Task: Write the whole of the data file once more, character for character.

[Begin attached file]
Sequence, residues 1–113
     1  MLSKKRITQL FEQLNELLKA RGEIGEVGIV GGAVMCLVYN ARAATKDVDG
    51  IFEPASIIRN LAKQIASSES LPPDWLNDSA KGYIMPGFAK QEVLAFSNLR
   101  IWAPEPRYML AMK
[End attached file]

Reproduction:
Sequence, residues 1–113
     1  MLSKKRITQL FEQLNELLKA RGEIGEVGIV GGAVMCLVYN ARAATKDVDG
    51  IFEPASIIRN LAKQIASSES LPPDWLNDSA KGYIMPGFAK QEVLAFSNLR
   101  IWAPEPRYML AMK